As an 8 feet, 2 inch tall staple character on the PBS children’s show “Sesame Street,” Big Bird is a “towering” figure in the television community. Last month’s death of Big Bird costume creator Kermit Love has brought the character further into the national spotlight, and “Sesame Street” viewers are quite familiar with the features of Love’s creation; however, Big Bird’s “species” remains a more controversial topic.
The “conflict” over Big Bird’s species stems from two mediums: print and television. In his book “Sesame Street Unpaved: Scripts, Stories, Secrets, and Songs,” David Borgenicht lists Big Bird’s scientific name as Bigus canarius. The name would presumably translate into the pseudo-English phrase “Big canary.”
A 1981 episode of the PBS television program “Mister Rogers’ Neighborhood” suggests otherwise. When Big Bird visited the Neighborhood of Make-Believe on the show, he told the character X the Owl he was a golden condor, a fictional bird species. Later in the episode, the character King Friday XIII asks Big Bird if he’s related to the cassowary. Big Bird tells the king he’s more like a condor.
Some BirdChannel.com forum users had different views about Big Bird’s species’ classification. Of the nine users who offered species suggestions, five said Big Bird was a chicken or a cross between a chicken and another bird species. Ostrich garnered the second-highest number of votes at four. Only one user said Big Bird could be part canary.
“Big Bird is clearly a canarich or an ostary (canary, ostrich cross),” wrote BirdChannel user Ickybird. “Ostrich because of his size, tail and feet, and canary because of his bright yellow color and his desire to sing all the time (although not well).”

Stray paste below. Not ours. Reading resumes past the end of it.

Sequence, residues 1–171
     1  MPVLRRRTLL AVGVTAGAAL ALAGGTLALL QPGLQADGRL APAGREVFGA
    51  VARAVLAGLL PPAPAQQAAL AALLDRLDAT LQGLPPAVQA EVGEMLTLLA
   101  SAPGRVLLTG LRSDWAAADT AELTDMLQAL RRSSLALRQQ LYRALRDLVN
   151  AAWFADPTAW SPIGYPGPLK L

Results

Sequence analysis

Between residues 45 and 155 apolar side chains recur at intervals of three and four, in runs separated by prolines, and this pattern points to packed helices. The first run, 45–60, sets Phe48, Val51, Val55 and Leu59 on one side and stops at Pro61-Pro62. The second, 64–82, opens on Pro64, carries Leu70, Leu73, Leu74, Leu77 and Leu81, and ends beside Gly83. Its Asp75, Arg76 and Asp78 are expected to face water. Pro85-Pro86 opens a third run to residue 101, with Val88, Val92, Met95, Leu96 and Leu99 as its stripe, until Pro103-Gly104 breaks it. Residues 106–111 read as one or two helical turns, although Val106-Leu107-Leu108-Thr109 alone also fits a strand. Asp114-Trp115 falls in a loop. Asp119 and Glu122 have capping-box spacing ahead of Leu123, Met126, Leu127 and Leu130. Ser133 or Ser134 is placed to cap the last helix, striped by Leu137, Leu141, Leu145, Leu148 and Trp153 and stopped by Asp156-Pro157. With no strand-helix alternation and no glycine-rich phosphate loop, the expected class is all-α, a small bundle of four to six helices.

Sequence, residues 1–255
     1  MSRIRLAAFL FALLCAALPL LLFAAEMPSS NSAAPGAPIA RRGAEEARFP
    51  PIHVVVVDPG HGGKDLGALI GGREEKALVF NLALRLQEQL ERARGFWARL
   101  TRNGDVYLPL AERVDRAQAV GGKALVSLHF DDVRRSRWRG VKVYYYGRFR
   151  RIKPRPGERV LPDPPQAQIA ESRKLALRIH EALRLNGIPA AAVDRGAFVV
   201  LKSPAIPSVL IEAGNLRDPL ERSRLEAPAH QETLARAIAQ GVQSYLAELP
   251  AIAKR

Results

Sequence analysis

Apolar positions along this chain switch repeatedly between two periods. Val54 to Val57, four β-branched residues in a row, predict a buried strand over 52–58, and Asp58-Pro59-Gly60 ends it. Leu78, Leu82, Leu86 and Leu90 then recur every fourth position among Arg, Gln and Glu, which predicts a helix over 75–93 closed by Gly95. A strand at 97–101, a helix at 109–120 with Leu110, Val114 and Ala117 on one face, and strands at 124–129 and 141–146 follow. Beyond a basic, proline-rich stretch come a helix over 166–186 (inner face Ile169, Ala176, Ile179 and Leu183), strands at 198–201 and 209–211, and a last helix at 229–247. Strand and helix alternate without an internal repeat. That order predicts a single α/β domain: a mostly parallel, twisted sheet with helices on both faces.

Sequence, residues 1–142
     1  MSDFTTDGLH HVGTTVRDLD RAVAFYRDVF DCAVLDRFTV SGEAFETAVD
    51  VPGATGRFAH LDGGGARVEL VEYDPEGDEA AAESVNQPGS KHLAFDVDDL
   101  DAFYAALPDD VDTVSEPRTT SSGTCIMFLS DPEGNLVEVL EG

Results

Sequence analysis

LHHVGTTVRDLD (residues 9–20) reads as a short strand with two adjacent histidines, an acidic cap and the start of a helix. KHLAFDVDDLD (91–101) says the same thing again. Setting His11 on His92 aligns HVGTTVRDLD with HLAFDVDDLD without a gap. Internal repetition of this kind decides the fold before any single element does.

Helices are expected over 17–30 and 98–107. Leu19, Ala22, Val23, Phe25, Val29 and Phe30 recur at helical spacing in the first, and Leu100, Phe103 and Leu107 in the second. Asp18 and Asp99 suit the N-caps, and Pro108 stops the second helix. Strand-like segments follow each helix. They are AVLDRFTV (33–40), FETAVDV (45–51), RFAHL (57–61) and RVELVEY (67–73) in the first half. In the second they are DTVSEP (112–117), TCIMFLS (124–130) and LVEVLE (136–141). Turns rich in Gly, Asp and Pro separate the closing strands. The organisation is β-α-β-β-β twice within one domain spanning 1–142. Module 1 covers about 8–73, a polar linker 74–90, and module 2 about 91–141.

BirdChannel user Ladyhawke50 even offered an explanation about Big Bird’s evolutionary history, claiming Big Bird evolved from the bird-like dinosaur of the genus Gigantoraptor. Now, the user says, Big Bird looks like “an ostrich with a cockatoo crest.”
“He shares many of the traits of a cockatoo: cognitive learning, a good sense of humor and Big Bird likes to roller skate, dance and sing just like our cockatoos,” Ladyhawke50 said.
Some wrote that Big Bird might even have “relatives” in the entertainment industry. Users suggested small, yellow avian Woodstock from the Peanuts comic strip, animated cartoon bird Woody Woodpecker and Loony Tunes’ Tweety Bird.
Though his species might not be clearly defined, Big Bird’s influence on children around the world is undoubted.
“He helps his young human counterparts learn basic life skills and lessons with a happy, compassionate disposition,” LadyHawke50 wrote. “I think that’s why evolution colored him sunny yellow.”